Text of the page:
Can we now engage in a bit of speculation? When Jesus said, “But,” indicating that someone else would come down the road, who do you think (1) the lawyer and (2) the people thought that someone would be? And what did they think that someone would do? Well, we can’t know, but it’s interesting to wonder about that.

We do know who actually came next in the story, and we can be almost certain that he came as a surprise: a Samaritan. When the priest and the Levite failed to stop, while we might understand their reasoning, there is still a nagging voice inside that whispers, “Yes, but…”. But the voice is silenced by the Samaritan’s arrival. Boo! Hiss! Of course he won’t stop and no good Jew would even want him to. Better to die with honor that to be saved by a Samaritan — unless you happen to be the one beaten, robbed, stripped, and left for dead. But — Surprise! What’s this Jesus playing at?! — the Samaritan does stop and provide every assistance to the wounded Jew, putting himself at risk and incurring not a little cost. You know the details about the bandaging and the wine and the inn and the money. It is the most amazing surprise ending of an otherwise conventional story.

Now, having told this parable — and presenting it as the true fulfillment of the Law — Jesus asks his question to the lawyer: “Which of these three, do you think, proved to be a neighbor to the man who fell among the robbers?” There is an important twist here that we can’t afford to miss. The lawyer asked Jesus, “And who is my neighbor?” This is a question that seeks to define the limit of neighborliness, that intends to minimize the meaning of neighbor and to determine who falls outside boundary. But, Jesus’ question is different and opposite in intent. If I may paraphrase, Jesus’ question is, Who became a neighbor in the story? Don’t worry about who falls into the limited and limiting category of “your neighbor.” Instead, expand the boundaries of mercy and neighborliness to ask, “To whom may I become a neighbor?” And the parable answers that: to anyone in need, even to my enemy.

The lawyer cannot save face now, even though he tries feebly to do by refusing to say the word Samaritan: “The one who showed him mercy,” is the best he can muster, showing that he got the point of the story but is unwilling to acknowledge its moral claim on him.

Jesus has the final word: “You go, and do likewise.” That is the answer to the original question, “What must I do to inherit eternal life?” because to go and to do likewise is to accept Jesus’ authority and to become his true disciple. Jesus is showing a new way to be Israel and a new way to be human, a way based on showing mercy. That is, I think, the meaning of the parable in its historical and cultural context.

Application
Now that we have a sense of what the parable likely meant to the original audience, we can perhaps safely ask what it should mean to us. What lessons might we draw from it?

Do not let the strictures of nationality, party, tribe, or even enmity limit mercy. Now, lest anyone misunderstand me, I note that in another encounter with a Samaritan — the woman at the well, Photini — Jesus made clear that the Samaritans were wrong about some important matters of worship and that salvation was of the Jews. He did not endorse the errors of the Samaritans; rather, he spoke correcting truth. But, in doing so, he treated the Samaritan woman with dignity and mercy. There are many groups with whose agendas we must disagree: LGBTQ and transgender activists, radical pro-choice advocates, advocates of Wokeism, the virulent new atheists, etc. We must speak truth against these agendas. But we must show mercy to those who are left beaten, robbed, stripped, and dying from the delusion of these false ideologies. The real enemy, the one enemy that we are perhaps allowed to consider an enemy, is Satan and his fallen angels — the robbers in Jesus’ parable.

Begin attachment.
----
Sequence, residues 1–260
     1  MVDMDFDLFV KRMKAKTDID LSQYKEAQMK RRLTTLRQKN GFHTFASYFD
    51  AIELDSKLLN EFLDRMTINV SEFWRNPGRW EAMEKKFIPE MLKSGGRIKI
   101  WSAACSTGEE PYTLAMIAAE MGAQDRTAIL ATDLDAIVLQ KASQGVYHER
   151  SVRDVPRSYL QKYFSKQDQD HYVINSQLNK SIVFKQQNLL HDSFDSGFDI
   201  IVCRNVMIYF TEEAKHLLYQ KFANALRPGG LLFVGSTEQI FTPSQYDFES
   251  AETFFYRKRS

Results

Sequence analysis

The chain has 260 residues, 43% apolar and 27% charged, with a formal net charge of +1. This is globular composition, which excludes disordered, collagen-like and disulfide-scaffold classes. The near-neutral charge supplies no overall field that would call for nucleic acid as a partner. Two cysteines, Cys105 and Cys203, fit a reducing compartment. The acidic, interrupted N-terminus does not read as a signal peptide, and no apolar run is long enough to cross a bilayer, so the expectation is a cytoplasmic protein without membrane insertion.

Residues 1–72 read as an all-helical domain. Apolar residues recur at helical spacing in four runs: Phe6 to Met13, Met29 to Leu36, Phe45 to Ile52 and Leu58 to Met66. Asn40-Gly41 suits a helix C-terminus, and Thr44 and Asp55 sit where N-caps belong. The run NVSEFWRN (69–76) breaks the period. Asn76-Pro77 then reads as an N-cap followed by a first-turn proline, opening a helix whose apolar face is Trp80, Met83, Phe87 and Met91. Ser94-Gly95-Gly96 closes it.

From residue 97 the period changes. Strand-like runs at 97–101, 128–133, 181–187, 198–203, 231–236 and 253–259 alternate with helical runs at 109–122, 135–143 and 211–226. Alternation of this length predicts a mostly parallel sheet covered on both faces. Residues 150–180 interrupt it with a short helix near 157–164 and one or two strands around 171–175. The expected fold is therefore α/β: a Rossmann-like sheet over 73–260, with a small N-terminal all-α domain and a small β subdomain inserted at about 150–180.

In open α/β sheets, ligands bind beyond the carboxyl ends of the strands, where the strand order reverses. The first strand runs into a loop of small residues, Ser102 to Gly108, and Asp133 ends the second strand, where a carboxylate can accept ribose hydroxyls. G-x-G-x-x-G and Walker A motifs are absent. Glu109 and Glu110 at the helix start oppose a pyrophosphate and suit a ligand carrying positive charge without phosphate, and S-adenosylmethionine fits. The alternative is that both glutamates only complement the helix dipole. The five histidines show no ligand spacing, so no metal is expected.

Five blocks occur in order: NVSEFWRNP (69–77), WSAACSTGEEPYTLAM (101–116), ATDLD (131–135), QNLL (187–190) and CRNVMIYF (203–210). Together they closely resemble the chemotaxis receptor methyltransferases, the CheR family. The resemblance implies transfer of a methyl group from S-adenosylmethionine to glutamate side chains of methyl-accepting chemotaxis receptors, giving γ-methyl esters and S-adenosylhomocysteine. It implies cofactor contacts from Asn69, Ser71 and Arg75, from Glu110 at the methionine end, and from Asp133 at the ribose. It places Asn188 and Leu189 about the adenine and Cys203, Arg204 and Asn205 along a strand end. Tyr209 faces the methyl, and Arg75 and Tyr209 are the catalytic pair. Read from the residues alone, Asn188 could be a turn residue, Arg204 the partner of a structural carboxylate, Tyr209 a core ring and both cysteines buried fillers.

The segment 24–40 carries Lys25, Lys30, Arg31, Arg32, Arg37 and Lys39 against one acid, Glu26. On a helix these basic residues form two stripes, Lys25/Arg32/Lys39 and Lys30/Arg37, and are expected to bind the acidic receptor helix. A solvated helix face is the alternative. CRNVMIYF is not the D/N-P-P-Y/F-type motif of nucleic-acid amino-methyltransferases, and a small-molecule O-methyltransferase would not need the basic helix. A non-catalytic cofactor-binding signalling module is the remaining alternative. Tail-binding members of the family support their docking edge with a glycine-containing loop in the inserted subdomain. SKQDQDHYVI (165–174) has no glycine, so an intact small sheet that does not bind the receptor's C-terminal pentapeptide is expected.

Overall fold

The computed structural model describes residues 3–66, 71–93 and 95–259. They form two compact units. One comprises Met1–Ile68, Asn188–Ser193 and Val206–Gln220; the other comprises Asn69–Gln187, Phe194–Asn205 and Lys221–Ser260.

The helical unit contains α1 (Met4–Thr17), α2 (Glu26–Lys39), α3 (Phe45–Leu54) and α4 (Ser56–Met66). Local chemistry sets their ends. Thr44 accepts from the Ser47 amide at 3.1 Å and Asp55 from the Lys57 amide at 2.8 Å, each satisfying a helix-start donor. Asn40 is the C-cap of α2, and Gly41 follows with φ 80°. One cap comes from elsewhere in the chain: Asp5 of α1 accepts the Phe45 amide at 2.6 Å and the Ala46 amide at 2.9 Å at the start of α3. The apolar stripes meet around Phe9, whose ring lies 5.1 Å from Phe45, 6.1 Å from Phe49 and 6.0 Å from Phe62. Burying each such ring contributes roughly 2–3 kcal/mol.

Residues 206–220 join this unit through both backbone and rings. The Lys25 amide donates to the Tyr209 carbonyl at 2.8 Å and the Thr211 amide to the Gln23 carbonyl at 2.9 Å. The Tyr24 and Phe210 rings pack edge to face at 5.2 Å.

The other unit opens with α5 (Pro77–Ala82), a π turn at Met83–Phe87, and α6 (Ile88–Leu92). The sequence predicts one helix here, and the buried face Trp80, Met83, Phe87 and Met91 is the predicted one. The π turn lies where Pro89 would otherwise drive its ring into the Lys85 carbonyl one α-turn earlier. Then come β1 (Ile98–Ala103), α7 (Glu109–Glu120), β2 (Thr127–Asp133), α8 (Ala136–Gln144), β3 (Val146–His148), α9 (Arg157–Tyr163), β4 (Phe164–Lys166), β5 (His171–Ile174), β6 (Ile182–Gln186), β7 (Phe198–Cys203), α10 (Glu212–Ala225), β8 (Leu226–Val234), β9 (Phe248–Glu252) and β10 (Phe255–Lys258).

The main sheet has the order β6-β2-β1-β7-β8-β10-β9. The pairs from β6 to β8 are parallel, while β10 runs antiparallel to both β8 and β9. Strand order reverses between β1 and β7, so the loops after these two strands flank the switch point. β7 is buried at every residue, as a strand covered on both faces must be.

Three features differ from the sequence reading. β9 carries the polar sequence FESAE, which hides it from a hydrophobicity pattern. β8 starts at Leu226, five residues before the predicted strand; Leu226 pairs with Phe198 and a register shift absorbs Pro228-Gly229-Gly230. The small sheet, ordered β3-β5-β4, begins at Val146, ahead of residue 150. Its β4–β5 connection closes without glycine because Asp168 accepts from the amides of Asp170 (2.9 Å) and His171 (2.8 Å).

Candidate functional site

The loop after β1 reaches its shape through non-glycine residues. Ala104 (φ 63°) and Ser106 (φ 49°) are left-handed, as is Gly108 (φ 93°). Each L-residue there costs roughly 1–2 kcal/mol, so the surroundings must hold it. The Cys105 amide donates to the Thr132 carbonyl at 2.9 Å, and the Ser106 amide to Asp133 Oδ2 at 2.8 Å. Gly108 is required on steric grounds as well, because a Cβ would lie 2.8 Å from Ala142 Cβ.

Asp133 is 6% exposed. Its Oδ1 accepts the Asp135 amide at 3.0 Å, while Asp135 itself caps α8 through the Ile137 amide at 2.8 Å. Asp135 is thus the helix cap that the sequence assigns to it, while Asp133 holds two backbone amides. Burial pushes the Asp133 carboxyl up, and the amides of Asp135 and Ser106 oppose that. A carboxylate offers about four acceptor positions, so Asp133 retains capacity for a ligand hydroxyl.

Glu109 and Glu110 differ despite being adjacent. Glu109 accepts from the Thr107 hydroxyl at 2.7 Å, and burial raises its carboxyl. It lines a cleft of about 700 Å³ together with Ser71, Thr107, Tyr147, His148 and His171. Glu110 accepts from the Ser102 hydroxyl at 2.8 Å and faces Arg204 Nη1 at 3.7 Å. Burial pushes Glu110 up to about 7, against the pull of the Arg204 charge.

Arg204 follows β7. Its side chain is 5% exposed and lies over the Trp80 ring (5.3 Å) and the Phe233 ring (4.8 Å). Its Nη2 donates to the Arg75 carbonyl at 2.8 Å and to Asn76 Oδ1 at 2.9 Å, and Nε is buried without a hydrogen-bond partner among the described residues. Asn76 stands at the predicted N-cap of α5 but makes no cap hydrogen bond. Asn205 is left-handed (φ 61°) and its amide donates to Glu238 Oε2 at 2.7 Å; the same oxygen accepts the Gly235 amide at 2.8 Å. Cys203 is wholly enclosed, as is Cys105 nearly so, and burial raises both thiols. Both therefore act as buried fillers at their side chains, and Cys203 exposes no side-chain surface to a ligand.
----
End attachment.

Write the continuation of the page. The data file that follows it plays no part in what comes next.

Having said that, we are not finished. We need to remember what Ken Bailey said about parables: we don’t try to mine them for morals and then leave the parable behind; instead, the parable becomes a house in which we are invited to take up residence and out of whose windows we are to view the world. In other words, whatever our answer to what this parable means for us, that answer is not complete; it is never finished, and we never exhaust the parable. We continue to live in the parable because it continues to shape our worldview and our obedience. We must continually ask, To whom may I become a neighbor? and What would that look like?

Let us pray.

Increase, O God, the spirit of neighborliness among us, that in peril we may uphold one another, in suffering tend to one another, and in homelessness, loneliness, or exile befriend one another. Grant us brave and enduring hearts that we may strengthen one another, until the disciplines and testing of these days are ended, and you again give peace in our time; through Jesus Christ our Lord. Amen (BCP 2019, p. 659).

BIBLIOGRAPHY

Bailey, K.E. (2008). Jesus Through Middle Eastern Eyes. InterVarsity Press.

About johnaroop

I am a husband, father, retired teacher, lover of books and music and coffee and, as of 17 May 2015, by the grace of God and the will of his Church, an Anglican priest in the Anglican Church in North America, Anglican Diocese of the South. I serve as assisting priest at Apostles Anglican Church in Knoxville, TN, and as Canon Theologian for the Anglican Diocese of the South.